Standards digest: accounting and auditing standard-setting in Canada — August 2016

The Auditing and Assurance Standards Oversight Council is looking for new members. Plus, AASOC Chair Bill McFetridge discusses the council’s definition of the public interest.


New AASOC members needed

The Auditing and Assurance Standards Oversight Council (AASOC) is looking for new members. It is a constantly evolving, independent volunteer body with its finger on the pulse of the ever-changing complexities of Canada’s business community. Its broad range of public interest perspectives is critical to ensuring the profession’s standards are fit for purpose in today’s environment.

Past and present AASOC members include:

• the CEO of the Canadian Public Account- ability Board;

• a senior director at the Office of the Superintendent of Financial Institutions;

• the chief accountant at the Ontario Securities Commission; and

• senior lawyers and members in business and academia.

AASOC is looking for candidates who are passionate about playing a public interest role and have:

• some knowledge of the technical aspects of audit, other assurance and related services and independence standards;

• experience with financial reporting, audit and independence relevant to public companies, private companies, not-for- profit and/or governmental sectors; and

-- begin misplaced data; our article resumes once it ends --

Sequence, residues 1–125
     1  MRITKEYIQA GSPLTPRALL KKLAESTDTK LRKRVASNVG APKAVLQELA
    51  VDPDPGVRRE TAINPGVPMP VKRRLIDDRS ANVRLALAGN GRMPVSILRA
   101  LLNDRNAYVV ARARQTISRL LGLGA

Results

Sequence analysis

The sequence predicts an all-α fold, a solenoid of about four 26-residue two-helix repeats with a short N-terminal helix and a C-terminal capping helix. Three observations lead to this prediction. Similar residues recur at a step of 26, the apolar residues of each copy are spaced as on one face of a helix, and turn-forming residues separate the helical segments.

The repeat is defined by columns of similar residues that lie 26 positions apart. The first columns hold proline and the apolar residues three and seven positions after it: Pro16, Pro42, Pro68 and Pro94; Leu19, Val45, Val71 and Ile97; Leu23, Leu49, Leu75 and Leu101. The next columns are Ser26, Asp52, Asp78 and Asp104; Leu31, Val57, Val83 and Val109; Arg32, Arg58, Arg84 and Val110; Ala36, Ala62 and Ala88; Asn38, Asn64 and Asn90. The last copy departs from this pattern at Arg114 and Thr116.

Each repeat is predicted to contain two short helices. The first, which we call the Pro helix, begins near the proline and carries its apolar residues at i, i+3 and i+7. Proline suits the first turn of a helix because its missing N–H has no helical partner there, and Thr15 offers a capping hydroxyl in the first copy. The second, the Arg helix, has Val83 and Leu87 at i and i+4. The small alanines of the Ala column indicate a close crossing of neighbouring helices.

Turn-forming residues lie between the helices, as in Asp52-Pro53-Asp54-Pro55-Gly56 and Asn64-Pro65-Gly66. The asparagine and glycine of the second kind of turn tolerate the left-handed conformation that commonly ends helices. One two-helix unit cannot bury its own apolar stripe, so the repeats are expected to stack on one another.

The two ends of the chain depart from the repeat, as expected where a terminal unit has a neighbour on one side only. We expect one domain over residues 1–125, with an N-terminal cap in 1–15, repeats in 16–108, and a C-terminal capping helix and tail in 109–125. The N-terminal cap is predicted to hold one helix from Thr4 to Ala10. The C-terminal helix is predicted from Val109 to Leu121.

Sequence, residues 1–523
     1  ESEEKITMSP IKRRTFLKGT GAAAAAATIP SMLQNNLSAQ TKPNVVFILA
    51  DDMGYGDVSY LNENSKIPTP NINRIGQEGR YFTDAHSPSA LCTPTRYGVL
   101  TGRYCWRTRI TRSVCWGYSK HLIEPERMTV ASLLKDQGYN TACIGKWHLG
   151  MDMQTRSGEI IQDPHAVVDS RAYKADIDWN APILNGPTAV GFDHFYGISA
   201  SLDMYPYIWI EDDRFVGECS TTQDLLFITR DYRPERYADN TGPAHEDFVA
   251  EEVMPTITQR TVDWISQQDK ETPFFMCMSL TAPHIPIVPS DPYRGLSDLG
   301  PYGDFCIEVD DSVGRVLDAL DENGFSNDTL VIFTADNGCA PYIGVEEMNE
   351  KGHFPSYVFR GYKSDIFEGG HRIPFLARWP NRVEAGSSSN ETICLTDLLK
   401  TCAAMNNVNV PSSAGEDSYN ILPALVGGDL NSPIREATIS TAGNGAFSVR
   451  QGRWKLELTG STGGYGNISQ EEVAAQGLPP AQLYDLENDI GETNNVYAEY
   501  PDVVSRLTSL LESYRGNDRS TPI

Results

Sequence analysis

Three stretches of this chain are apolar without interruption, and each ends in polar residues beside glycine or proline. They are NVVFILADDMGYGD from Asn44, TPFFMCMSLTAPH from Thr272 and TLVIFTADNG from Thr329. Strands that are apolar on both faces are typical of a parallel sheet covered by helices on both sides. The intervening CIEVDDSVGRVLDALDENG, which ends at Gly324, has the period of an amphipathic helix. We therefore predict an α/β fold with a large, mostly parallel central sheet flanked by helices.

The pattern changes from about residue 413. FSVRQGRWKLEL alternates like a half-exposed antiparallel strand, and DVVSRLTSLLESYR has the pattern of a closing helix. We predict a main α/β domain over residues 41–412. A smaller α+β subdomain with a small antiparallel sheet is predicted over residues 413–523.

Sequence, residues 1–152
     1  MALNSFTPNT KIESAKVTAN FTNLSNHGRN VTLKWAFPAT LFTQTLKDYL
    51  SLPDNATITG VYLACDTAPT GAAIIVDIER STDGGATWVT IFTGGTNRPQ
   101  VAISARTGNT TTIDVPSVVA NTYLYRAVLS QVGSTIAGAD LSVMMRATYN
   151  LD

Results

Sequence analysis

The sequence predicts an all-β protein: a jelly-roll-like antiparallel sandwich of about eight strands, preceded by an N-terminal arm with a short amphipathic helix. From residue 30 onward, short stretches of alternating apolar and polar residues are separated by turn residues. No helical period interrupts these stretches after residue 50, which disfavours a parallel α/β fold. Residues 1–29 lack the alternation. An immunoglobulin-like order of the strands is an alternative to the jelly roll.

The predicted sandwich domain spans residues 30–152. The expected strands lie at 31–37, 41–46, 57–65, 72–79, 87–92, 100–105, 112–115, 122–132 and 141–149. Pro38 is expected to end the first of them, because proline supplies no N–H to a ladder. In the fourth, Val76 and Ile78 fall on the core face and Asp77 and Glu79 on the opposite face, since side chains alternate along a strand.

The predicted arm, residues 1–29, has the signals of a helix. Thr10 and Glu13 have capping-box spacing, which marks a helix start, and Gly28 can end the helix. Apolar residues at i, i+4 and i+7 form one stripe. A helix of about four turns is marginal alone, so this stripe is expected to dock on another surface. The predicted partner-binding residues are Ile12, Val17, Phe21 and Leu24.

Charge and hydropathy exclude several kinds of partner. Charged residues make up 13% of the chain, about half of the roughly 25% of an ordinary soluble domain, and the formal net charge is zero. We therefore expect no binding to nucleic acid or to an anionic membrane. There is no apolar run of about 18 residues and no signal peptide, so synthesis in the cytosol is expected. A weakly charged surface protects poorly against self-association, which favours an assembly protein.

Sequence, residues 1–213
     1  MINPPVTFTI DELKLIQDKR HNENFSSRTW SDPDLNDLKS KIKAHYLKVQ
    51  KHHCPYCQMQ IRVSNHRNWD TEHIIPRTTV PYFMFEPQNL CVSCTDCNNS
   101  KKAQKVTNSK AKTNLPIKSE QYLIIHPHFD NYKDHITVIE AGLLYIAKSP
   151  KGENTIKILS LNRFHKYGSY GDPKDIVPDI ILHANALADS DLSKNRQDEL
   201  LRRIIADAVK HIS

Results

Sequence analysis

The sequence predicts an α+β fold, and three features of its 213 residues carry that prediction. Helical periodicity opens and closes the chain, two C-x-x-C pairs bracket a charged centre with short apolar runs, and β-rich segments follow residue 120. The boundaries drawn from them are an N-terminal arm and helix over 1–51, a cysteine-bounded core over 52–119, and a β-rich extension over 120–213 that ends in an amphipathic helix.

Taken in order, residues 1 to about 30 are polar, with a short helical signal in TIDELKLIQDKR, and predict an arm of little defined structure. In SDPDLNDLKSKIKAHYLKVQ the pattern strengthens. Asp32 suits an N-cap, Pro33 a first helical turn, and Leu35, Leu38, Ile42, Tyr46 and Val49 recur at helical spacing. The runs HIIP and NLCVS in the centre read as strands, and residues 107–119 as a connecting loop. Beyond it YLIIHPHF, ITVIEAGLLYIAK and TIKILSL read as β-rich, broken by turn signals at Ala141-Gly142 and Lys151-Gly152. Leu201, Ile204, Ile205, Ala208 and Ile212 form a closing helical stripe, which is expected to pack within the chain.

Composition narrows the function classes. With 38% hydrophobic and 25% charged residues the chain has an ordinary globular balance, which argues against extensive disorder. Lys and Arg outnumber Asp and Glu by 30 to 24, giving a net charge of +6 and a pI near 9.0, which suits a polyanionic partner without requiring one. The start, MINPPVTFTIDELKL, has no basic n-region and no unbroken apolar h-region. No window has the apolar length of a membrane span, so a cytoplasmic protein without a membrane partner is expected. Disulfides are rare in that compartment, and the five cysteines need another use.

• a background as a financial statement preparer, auditor, audit committee member, member in academia, or another type of user perspective.

Visit to apply by September 9.


AASOC and the Public Interest

All of Canada’s accounting and auditing boards and oversight councils operate in the public interest. But what exactly does this mean? The Auditing and Assurance Standards Oversight Council (AASOC) clarifies what the public interest means to it in its new paper, AASOC’s Consideration of the Public Interest.

Q: What do you hope to achieve by issuing this new paper?

A: Bill McFetridge, Chair, AASOC: AASOC’s Terms of Reference state that our mission is “to serve the public interest by overseeing and providing input to the development of auditing, assurance and independence standards in Canada.” What constitutes the public interest might seem obvious, but we’ve realized the meaning is not consistently interpreted. It is a complex concept and very difficult to define. This new paper aims to give us guidance and assistance in the determination of the public interest.

The public interest permeates everything that we do and is considered in every situation that AASOC faces in its oversight role. But the public interest is often different depending on circumstances. As a result, we don’t have a short definition for the public interest, but what we do have are a series of considerations in lieu of that short definition.

Sometimes ensuring the public interest is served is straightforward and sometimes it’s much more complex. What we ultimately find is that determining if the public interest is being served is truly a judgment call. Read AASOC’s new paper at